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Adorn yours, pronto


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Yes, yes, you’ve heard of tablescaping, but there’s a new type of scape that we must introduce you to. And it's not bathscaping, something that I recently read about but promptly dismissed as a waste of time – that said, I do light candles and instruct Alexa to play "something relaxing". I’ve digressed! Upon hearing about the new scape: the mantelscape, my ears were pricked with cheer. Of course, it just means decorating your mantelpiece, but humour it – and me. 

Mantelscaping allows you to partake in Christmas decorating, without having to expend the same energy. This is especially tempting in a year where rules put an end to hosting and parties. And it's also child and animal friendly – I was surprised to learn how prohibitive babies, cats and dogs make having something as tall and precarious as a Christmas tree. 

So how to? Use the satisfying symmetry of your mantelpieces as a starting point, working from the outside in. That said, perfection is not the aim here, as the last thing you want is for it to feel impersonal. Postcards and bits of tat are most welcome. Some of the best examples I’ve seen use candlesticks, stacks of books, ornaments and plants. They play with different textures, trinkets and levels, which gives the mantel a covetable layered look. Also consider things to hang off it. Stockings of course, but also paper chains, garlands and twinkly lights.

Edna Ferber once wrote that “we no longer build fireplaces for physical warmth; we build them for the warmth of the soul; we build them to dream by, to hope by, to home by”. I couldn’t agree more, having spent the majority of winters growing up, sitting by a fire contemplating things such as what to eat next, or how nice it'd be to be a cat. Ok, there was a bit of hand warming too, because Yorkshire winters are harsh and my parents liked to take me on long frostbite-inducing walks. If my flat allowed for such a luxury, I would be mantelscaping with bells on.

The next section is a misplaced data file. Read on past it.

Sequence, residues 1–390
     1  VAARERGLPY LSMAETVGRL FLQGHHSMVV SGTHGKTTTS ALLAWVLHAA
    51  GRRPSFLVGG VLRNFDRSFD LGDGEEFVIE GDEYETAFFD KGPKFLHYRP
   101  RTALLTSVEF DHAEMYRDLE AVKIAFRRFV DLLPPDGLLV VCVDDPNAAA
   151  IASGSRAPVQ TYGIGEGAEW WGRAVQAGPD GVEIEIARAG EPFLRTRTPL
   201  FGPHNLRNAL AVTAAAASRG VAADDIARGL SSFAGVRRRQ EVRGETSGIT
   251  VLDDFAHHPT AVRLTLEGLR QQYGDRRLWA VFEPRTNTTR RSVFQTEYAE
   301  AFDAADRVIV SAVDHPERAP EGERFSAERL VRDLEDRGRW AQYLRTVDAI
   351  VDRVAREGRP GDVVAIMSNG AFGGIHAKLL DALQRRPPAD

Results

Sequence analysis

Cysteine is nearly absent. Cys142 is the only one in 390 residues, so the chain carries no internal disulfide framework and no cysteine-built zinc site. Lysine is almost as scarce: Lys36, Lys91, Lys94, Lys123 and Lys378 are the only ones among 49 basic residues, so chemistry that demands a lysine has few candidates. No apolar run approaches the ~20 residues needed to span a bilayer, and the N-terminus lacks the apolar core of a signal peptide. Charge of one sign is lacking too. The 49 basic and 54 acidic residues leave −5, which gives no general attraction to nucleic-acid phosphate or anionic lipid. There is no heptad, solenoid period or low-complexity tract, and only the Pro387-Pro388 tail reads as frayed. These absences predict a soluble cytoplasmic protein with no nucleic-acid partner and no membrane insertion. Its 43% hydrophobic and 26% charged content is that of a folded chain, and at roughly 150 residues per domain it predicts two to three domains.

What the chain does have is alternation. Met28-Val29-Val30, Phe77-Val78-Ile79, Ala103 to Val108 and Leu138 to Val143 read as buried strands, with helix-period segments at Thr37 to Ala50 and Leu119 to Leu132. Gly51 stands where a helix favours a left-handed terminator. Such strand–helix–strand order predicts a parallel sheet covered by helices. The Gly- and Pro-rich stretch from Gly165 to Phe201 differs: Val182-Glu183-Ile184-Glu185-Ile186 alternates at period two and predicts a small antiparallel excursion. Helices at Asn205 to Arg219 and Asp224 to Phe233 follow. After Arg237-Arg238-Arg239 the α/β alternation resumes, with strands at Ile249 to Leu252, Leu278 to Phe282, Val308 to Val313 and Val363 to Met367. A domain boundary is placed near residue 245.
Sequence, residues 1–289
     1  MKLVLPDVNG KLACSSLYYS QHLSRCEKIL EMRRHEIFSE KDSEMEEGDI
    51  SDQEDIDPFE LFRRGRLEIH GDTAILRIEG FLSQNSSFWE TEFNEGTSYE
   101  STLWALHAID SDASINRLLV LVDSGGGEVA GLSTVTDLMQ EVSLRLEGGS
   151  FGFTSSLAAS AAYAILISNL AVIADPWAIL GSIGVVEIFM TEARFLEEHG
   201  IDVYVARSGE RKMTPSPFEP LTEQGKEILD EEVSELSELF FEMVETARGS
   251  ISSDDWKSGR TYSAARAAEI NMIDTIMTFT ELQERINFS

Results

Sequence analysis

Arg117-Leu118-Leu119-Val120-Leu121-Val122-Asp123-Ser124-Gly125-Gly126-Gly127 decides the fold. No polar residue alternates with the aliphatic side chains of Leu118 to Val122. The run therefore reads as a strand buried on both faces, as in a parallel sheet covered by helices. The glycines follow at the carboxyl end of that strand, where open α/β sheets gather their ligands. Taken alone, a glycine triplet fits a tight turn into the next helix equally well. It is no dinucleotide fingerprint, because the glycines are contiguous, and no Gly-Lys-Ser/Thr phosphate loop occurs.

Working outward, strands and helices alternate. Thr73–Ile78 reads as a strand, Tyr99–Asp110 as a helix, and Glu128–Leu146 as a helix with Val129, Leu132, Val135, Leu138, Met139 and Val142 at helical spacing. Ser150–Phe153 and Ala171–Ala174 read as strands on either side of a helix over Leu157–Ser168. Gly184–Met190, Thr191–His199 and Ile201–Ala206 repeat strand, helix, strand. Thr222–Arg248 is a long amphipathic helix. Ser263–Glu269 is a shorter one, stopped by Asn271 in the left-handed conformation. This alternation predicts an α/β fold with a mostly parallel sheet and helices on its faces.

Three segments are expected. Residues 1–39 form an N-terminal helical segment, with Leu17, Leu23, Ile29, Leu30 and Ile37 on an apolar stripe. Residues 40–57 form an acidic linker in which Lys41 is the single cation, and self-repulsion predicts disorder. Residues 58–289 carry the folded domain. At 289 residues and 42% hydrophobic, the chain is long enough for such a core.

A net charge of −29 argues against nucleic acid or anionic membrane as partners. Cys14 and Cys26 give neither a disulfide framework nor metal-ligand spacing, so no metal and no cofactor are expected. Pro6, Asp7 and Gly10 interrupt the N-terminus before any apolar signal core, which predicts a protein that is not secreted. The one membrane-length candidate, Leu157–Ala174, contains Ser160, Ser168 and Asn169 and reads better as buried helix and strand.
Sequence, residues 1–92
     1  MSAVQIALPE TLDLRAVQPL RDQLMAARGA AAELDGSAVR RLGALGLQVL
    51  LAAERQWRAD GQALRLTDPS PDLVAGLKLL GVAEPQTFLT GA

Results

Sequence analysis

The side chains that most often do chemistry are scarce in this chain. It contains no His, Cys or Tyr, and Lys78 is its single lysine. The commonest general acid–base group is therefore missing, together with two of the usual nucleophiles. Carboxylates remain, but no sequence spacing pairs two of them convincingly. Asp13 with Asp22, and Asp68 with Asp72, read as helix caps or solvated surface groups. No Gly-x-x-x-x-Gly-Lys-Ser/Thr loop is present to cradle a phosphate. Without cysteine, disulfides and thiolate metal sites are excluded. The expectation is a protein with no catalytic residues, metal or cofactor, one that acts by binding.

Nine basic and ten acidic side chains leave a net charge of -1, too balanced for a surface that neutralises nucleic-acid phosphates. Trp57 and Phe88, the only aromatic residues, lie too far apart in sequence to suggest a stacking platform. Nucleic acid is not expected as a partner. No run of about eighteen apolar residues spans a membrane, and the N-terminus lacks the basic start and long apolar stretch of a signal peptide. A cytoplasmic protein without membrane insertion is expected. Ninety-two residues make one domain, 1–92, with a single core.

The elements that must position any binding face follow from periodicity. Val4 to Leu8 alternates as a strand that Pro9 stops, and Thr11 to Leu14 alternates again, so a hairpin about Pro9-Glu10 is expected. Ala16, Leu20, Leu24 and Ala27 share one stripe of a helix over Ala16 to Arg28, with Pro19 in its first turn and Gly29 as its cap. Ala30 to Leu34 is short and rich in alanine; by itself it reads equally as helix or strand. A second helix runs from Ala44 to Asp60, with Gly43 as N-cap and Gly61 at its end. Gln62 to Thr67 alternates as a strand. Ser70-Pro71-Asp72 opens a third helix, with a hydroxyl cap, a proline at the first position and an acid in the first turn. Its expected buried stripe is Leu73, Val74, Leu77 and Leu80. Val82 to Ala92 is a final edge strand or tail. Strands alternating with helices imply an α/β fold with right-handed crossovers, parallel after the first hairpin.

• Chicken wire.
  • A heavy brick or weight (something to ensure your installation will sit study). Foliage from foraging. Look out for bracken, beautifully shaped fallen branches, old man’s beard, teasel (actually a weed) and lunaria (also known as honesty). I also love dried hydrangea because the colour is so festive! The beauty of dried flowers and foliages is that you can use them again and again, or put them in the compost.
  • Spring bulbs will help keep the magic alive into the new year.
  • Snowdrops and paperwhites are a perfect addition, and you can replant them in pots the following year.
  • Candles are essential to create atmosphere and ambience.
  • Lanterns protect a naked flame, or tapered candles on candlesticks raised above the installation.
  • Ribbons, paper tinsel or taffeta all help add texture, interest and luxuriousness to your installation.

If you’d rather to enlist an expert, Kitten Grayson Everlasting Installation service starts from £1500, and doesn’t just have to sit on your mantle. It could hang above your table or sit around a doorframe, and wonderfully, it’ll last for years.


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